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get better tires and you won't have flats.

Having trouble wrestling with getting the tire back on the rim. Here is the easy way.

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Old 11-02-14, 08:32 AM
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Originally Posted by scoatw View Post
get better tires and you won't have flats.
Probably true - the Michelin Pro 4 Service Course aren't designed for commuting and flat protection, though the 25's give a really nice ride. If I get more flats than I am comfortable with, I'll pick up new tires. (but that's for another tire thread or twenty. heh)

Thanks for the vid, I will check it out. Always something new to learn.
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Old 11-02-14, 09:18 AM
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Originally Posted by RoadTire View Post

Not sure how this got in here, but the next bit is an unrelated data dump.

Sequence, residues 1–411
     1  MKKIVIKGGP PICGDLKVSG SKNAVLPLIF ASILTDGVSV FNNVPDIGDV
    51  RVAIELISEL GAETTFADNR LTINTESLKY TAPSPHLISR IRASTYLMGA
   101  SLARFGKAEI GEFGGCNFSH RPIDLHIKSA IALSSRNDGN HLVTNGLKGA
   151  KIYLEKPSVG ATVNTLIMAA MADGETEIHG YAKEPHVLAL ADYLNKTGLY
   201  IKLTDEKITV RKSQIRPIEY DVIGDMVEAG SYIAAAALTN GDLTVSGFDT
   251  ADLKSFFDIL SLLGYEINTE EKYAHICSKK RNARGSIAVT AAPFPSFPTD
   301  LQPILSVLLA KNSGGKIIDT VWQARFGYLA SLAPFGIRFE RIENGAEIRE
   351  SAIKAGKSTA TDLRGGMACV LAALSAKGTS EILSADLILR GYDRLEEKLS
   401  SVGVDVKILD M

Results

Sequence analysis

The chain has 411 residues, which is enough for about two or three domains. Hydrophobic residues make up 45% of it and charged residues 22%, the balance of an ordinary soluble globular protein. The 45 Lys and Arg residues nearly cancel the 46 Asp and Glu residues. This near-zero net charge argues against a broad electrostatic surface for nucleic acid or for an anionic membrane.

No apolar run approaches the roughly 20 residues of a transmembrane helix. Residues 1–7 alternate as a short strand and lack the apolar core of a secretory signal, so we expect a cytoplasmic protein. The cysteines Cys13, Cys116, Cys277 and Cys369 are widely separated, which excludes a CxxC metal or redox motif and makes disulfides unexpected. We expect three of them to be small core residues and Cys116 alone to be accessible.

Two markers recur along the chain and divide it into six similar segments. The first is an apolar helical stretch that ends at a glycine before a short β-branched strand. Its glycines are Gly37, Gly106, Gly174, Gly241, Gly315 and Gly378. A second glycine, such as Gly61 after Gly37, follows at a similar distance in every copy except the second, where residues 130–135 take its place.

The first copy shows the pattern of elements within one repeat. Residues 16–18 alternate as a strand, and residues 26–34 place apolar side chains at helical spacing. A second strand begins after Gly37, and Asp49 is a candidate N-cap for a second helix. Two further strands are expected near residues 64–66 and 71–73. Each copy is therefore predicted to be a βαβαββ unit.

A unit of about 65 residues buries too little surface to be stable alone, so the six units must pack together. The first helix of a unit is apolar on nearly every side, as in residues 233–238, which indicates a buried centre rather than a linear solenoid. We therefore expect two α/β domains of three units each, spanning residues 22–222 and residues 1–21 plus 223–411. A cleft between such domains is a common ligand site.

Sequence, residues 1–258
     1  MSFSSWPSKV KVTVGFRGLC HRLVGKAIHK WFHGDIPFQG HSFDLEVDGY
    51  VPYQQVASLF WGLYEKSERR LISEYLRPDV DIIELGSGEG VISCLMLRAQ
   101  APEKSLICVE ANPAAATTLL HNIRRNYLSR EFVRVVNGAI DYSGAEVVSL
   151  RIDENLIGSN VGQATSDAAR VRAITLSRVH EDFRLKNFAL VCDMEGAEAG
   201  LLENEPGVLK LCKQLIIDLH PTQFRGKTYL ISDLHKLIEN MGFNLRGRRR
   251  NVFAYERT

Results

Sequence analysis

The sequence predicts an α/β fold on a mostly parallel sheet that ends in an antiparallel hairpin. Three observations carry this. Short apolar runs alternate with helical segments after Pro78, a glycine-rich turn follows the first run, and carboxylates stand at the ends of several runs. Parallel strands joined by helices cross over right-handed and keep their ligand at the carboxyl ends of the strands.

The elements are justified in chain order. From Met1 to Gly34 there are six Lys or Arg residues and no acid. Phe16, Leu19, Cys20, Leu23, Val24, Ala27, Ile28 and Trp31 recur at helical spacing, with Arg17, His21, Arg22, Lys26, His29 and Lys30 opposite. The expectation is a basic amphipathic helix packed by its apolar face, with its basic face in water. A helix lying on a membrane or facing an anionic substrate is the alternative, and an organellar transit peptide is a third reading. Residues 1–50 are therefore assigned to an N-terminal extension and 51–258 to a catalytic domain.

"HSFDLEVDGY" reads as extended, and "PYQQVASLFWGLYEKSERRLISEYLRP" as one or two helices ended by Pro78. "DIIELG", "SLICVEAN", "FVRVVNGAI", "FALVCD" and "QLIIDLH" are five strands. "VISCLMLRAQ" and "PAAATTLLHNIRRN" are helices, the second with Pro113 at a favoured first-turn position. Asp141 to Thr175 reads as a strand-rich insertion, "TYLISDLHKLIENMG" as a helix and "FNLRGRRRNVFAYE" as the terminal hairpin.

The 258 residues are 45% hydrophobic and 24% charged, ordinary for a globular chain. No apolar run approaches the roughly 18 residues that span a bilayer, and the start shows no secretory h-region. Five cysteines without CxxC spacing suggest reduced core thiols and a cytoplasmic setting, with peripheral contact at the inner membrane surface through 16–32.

The other is attempting to fix the flat without even doing that much - slip the tube out of the tire, find the hole, patch it, and remount the tire.

This works fine if the puncture is obvious and easy to find - like the object is still in the tire. I do it when I can, but probably only 10% of my flats are that obvious.
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Old 11-02-14, 09:27 AM
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Keep a spare inner tube at work. If you flat on the way in, you sill have a spare for the ride home.
I could patch the tube in some workplaces, but others frown on turning a desk into a workshop.
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Old 11-02-14, 09:49 AM
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Originally Posted by MichaelW View Post
Keep a spare inner tube at work. If you flat on the way in, you sill have a spare for the ride home.
I could patch the tube in some workplaces, but others frown on turning a desk into a workshop.